Malaria case detection using RDTs is successfully being implemented in hospitals and clinics in Ghana over the past 6 years. However, there are common perceptions and beliefs about the accuracy of these tests and their impact on patient care in places where such tests are provided. There are reported uses of anti-malarial medicines in non-malaria febrile illnesses even when RDT was conducted [711]. Understanding the experiences and perceptions of the community on malaria case detection will help target malaria RDT use interventions at the community level.

Even though there has been a global call for parasitological confirmation, either by malaria microscopy or RDT for patients of all ages with suspected malaria at all levels of healthcare [12], medicine outlets are yet to be fully introduced to test-based management of malaria in Ghana. Though published literature on the perception of malaria case management in medicine outlets is poor [1315], effectively exploring the perceptions of the community and experiences of practitioners and designing interventions that take into consideration these perceptions and experiences may improve the appreciation of RDT use protocols and guidelines at the community level [16]. It is therefore necessary to continuously explore people’s perception and experiences with malaria case detection using RDTs since among other factors, the acceptance of any healthcare intervention depends on people’s perception of that innovation [17]. In this study, the perceptions and experiences of medicine outlet practitioners on malaria case detection and that of people in the community were explored, and how that informed the use of ACT for malaria therapy.

Methods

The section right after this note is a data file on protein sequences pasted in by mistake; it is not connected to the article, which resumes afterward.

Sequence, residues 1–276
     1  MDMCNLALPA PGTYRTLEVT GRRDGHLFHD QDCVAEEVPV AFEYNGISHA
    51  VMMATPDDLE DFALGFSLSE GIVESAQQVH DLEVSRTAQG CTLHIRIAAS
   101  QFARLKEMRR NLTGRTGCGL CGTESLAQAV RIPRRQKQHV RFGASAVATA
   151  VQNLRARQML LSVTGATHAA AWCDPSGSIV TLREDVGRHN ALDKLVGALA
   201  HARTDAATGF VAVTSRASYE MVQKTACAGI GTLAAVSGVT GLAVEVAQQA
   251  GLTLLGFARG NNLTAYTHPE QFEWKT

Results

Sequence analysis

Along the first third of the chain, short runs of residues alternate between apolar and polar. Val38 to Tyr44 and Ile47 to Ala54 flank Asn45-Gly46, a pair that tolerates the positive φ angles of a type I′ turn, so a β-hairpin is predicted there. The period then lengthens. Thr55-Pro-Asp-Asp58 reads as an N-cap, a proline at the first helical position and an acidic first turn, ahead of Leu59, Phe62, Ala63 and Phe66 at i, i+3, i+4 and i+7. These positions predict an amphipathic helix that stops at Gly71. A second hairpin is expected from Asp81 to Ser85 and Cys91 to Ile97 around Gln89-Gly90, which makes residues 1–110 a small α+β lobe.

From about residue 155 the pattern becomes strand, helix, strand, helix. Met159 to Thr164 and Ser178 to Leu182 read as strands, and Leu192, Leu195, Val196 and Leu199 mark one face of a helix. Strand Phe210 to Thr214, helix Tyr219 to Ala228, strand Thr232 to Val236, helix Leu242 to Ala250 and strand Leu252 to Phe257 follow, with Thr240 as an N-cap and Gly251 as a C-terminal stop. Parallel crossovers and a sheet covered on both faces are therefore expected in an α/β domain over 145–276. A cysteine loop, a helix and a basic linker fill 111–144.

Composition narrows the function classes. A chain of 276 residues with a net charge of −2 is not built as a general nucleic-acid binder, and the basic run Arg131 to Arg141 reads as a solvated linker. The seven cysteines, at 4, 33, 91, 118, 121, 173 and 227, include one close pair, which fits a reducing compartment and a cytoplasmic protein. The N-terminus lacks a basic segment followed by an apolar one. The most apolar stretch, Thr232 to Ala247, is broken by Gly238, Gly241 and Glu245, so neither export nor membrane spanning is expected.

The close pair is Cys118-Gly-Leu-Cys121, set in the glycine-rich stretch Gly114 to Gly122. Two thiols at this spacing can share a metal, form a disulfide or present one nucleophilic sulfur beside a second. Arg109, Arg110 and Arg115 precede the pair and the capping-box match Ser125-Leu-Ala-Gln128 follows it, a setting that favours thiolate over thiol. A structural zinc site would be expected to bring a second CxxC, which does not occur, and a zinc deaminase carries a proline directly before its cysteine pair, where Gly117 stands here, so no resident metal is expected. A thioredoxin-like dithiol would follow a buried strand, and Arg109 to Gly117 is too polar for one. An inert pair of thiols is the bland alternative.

Study area

The study was conducted in two urban districts of Ashanti region namely Kumasi Metropolitan Area (KMA) and Obuasi Municipal Area (OMA). These two districts have similar socio-cultural background and relatively higher economic activity than the other districts in Ashanti region [18]. Both settings have had several malaria prevention and control programmes instituted including, intermittent preventive treatment in pregnancy, the hang-up campaigns during which Long-lasting insecticide-treated nets (LLINs) were distributed to all households in the Ashanti Region and the Indoor Residual Spraying project by AngloGold Ashanti in collaboration with the National Malaria Control Programme and the Obuasi Municipal Assembly complementing malaria prevention and control strategies in Ghana since 2005 [19]. Though the study area have several hospitals and clinics, the community members largely seek healthcare from medicine outlets initially before visiting hospitals and clinics [20].

Medicine outlet refers to either a community pharmacy or an OTCMS shop and medicine outlet practitioners included pharmacists, pharmacy technicians, medicine counter assistants, OTCMS and OTCMS assistants. The OTCMS shops are auxiliary pharmaceutical facilities licensed for the supply by retail only, over-the-counter medicines by the Pharmacy Council. They constitute about 80 % of the total number of private medicines outlets and are found in almost every town or village whereas community pharmacies are mainly found in urban communities of Ghana [21]. At the time of this study, all pharmacists in Ghana had been trained in RDT use by the National Malaria Control Programme in collaboration with the Pharmacy Council.

Study design

The study design was cross-sectional, using a mixed approach of both qualitative and quantitative methods. The qualitative study consisted of focus group discussions (FGDs) among community members to assess their perceptions on malaria case detection using RDTs. The quantitative component preceded the qualitative study and consisted of structured questionnaires administered to practitioners in the systematic randomly selected medicine outlets from a list of all medicines outlets obtained from the Pharmacy Council, the national legal entity that registers all medicine outlets in Ghana.